To this end the APP releases a progress report that serves as its main advocacy tool in the hands of the panel members. The recently released annual report ‘From Agenda to Action: Turning Resources into Results for its People’ was aptly launched on Africa Day. It cannot be faulted for providing an overview of the state of play. In fact, if one wanted a snapshot of key events and processes as they have been taken up internationally or regionally (Africa) and great visuals, this is a report to read. However, if one is looking for a collective set of ideas that will transform Africa’s resources into results, this report provides much of the same. The call to political will, an invocation of state fragility, the ills of corruption, an ever so slight slap on the wrist of international partners for catering to their interests within institutions created by them for this very purpose, and a reminder of how important women are to development.

In this year’s report, the discussion on aid and development financing highlights the ahistorical approach as well as a lack of emphasis on African international relations; however it fails to highlight that aid in Africa has often been misused for self-interested strategic pursuits rather than for poverty alleviation. These are interests that are not only located in Africa but also those that are derivative of and compounded by the Global North. The argument therefore that the collective strength of African leaders working in alliance is what is needed to shift negotiating power in the international arena is shaky. For it does not engage with nor analyse the ideological foundations on which most African States are founded and which we must destablise in order for meaningful change to occur. The fact that the ‘bold’ analysis conducted around tax havens and state coffer remittances into private bank accounts does not feature in the list of recommendations on how Africa should finance its development points to the panel’s gumption.

The erroneous assumptions and praise given in the report about the increase in regional integration efforts belie ongoing machinations at an international level to balkanise Africa through faulty trade agreements under the Economic Partnership Agreements. These have been conducted within new arrangements such as the East and Southern African Bloc as opposed to the East Africa Community or negotiated individually by targeting individual states’ weak points economically with regional strength being undermined, calls to question the good will of the international community in ‘developing’ Africa.

Most importantly, the continued categorisation of women as a social project, women as an end to development and what women can do for development in Africa is reminiscent of the 1970s Women in Development (WID) approach, which has since been relegated to the dustbin of history – useful in terms of tracing trajectories but not the stuff that change is made of, due to its analytical weaknesses. The tradition of adding women into processes whether this is for peace and security or in parliaments and the push for improved wellbeing of women owing to their contribution to development is one that has been challenged by many a feminist activist and scholar. For to maintain this approach is to adopt a Black Economic Empowerment approach to women – once they stop being good for development, we do not need to invest in them. The minute they begin to challenge the state or structures, which maintain inequality and overhaul, simply introduce a range of stringent laws that silence them and call it culture and preservation of nationhood.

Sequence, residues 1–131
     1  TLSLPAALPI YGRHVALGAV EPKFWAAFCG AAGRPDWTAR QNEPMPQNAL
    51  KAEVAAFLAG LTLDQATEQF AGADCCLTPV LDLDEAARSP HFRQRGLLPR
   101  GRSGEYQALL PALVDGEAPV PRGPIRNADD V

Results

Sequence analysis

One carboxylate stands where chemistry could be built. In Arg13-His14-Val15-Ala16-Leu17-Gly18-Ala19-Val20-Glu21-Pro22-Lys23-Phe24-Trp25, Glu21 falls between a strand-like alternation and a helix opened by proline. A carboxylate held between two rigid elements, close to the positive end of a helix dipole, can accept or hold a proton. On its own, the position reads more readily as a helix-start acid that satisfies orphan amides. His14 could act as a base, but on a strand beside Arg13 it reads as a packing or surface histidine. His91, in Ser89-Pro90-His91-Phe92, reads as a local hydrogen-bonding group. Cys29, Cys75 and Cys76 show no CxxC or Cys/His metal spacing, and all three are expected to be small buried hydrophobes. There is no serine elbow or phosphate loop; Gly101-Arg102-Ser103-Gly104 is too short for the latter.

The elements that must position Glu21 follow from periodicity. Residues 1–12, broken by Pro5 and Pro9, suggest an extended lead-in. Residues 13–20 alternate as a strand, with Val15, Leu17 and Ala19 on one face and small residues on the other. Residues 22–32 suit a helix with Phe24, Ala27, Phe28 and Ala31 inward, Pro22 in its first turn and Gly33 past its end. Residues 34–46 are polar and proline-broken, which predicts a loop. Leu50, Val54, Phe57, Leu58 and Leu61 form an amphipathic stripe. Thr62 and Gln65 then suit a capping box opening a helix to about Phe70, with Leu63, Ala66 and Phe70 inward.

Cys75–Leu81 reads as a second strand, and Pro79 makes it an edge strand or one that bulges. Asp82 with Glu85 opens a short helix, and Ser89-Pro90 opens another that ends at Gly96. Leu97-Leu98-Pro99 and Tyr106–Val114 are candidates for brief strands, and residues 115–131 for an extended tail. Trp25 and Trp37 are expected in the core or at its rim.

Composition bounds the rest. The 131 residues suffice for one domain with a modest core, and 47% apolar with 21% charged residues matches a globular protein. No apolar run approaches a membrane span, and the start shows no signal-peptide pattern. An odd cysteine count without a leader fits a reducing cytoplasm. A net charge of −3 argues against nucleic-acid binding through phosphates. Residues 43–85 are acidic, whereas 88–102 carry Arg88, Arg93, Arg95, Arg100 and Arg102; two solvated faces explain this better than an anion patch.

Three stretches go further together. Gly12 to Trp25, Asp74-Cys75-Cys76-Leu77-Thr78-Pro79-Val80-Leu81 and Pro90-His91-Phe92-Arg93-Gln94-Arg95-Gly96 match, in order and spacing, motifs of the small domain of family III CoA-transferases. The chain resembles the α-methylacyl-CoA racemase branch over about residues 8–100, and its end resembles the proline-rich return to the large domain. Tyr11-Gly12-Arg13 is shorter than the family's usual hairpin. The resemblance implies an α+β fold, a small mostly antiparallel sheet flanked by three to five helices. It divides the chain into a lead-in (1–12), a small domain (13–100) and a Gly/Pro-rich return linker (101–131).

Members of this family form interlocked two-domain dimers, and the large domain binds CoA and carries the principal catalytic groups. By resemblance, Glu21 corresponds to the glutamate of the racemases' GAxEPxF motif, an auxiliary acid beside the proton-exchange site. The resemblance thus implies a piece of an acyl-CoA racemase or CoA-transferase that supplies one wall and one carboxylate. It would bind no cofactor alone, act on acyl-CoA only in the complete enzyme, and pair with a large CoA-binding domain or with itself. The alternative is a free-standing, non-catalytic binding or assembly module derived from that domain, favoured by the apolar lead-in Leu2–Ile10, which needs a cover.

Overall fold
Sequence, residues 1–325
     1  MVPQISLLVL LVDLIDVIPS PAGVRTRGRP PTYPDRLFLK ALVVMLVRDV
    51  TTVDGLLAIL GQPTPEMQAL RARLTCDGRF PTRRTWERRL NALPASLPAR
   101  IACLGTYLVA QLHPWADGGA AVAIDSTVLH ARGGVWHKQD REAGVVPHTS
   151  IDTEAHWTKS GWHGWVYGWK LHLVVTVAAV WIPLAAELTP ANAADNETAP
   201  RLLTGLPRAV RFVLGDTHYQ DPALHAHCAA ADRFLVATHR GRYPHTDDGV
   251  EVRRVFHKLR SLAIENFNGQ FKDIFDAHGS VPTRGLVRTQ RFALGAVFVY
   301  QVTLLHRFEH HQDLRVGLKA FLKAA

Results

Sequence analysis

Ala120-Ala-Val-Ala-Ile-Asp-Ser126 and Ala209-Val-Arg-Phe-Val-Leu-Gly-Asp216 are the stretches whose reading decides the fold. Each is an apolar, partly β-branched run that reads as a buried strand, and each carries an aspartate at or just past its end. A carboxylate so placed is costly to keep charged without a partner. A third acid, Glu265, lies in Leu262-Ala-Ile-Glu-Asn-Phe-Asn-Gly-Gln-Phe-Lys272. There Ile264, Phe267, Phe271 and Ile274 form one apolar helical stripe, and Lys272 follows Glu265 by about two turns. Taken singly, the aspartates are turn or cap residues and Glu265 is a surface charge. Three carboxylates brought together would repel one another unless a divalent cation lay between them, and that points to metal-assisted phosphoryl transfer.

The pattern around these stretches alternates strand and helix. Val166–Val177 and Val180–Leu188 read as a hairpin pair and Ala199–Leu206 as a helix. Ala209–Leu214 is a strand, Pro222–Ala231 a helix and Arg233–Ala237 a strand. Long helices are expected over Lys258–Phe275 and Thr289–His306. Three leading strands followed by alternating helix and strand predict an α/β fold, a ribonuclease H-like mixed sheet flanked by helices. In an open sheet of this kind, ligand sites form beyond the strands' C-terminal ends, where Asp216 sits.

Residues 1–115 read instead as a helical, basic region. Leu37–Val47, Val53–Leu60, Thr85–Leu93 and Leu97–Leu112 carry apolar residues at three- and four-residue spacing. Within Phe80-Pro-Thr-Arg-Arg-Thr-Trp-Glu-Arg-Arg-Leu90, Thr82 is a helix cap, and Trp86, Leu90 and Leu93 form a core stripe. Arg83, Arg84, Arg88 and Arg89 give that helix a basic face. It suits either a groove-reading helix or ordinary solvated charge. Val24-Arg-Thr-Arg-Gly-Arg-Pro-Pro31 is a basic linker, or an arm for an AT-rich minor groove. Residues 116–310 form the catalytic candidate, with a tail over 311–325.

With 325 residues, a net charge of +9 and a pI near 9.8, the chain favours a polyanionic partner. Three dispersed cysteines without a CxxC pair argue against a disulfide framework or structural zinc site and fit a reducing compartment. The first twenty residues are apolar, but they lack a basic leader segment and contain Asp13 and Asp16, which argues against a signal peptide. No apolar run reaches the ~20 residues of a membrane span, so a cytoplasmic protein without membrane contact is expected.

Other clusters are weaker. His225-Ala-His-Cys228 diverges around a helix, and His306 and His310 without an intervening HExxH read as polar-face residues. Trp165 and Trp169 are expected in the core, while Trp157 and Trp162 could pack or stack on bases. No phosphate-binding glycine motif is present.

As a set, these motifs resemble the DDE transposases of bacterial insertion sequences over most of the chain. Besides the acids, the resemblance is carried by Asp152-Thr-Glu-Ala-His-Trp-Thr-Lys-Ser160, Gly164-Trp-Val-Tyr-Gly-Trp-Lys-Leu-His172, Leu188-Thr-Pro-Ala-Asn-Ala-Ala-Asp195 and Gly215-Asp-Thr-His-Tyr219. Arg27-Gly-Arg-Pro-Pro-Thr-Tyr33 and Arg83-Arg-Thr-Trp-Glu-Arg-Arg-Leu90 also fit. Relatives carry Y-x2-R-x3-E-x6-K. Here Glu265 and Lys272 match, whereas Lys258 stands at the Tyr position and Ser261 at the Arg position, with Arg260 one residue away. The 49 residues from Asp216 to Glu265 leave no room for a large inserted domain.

Increasing state repression is hardly considered, particularly when mention is made of an assertive civil society that is curtailed through regulations, from those in Ethiopia – which is the most extreme example – to covert versions appearing in various forms, such as the anti-homosexuality legislation in Uganda, or media gags in contexts such as Kenya.

There is no question that this report is grounded in a neoliberal approach that sees the aid, development financing and ‘developmental’ trade agreements with China hailed as a very progressive partner or when it comes to Africa’s natural resources, including land. The report’s recommendations around the land grabbing phenomenon (a terminology attributed to the media in this report) by flagging Alliance for a Green Revolution in Africa’s (AGRA) efforts to develop guidelines on land leasing principles for African states deserves further scrutiny, particularly on a continent where land remains one of the major causes of conflict.

The art of diplomacy is saying everything and nothing at the same time. Indeed, that is why this group of individuals may have been put together, because of their ability to wade through the multitude of challenges and prioritise one issue that should land on the ears of the range of heads of states without offending them. As such, the report strikes the right tone in taking cognisance of the what is now popularly known to be Africa – disease, strife, poverty and conflict, balancing that with the positivist view that recognises the agency of African citizens and African leaders must be included in this melee but end with – rhetoric.

For every one or two of Africa’s most pressing problems – whether it is the problem of bad governance, or the place of women or our uncanny ability to sell off the rug from right our feet – read our land – the answers to these problems indeed lie with Africa and Africans, but they do not lie in ‘political will’. For when one unpacks this oft-touted ‘political will’, one might emerge with the true answers on how to turn Africa’s resources into results for its people.

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REFERENCES

Mamdani, Mahmood. 1996. Citizen and Subject: Contemporary Africa and the Legacy of Late Colonialism. Princeton University Press. Princeton.
Mamdani, Mahmood (ed) 2000. Beyond Rights Talk and Culture Talk: Comparative essays on Rights and Culture. St. Martin's Press. New York City
Mama, Amina. 2001. Challenging Subjects: Gender and Power in African Contexts in “Identity and Beyond: Rethinking Africanity”. Discussion Paper 12, Nordiska Afrikaninstitutet. Upasala
Lewis, Desiree. 2004. African Gender Research & Post Coloniality in African Gender Scholarship: Concepts, Methodologies and Paradigms. CODESRIA. Dakar. (27 – 41)
Wiredu, Kwasi. 1997. Democracy and Consensus in African Traditional Politics: A Plea for a Non-Party Polity in Eze, Emmanuel. 1997. Postcolonial African Philosophy: A Critical Reader. Wiley-Blackwell. London